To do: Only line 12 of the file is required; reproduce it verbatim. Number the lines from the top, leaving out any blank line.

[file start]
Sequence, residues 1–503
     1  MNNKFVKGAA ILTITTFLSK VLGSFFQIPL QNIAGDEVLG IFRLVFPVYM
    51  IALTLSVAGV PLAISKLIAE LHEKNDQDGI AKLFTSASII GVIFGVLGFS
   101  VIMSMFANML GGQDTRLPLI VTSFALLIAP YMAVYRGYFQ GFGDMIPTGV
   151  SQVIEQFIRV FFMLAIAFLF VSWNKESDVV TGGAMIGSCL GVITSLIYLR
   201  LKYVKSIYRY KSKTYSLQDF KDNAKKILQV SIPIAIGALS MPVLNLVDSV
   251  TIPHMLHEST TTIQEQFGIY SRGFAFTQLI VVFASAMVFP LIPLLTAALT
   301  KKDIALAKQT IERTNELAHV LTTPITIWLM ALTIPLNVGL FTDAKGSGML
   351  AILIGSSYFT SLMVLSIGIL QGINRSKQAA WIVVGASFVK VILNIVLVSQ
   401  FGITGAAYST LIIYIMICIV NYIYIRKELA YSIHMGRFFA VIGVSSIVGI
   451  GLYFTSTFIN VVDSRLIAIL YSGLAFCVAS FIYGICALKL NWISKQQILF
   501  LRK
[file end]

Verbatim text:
   501  LRK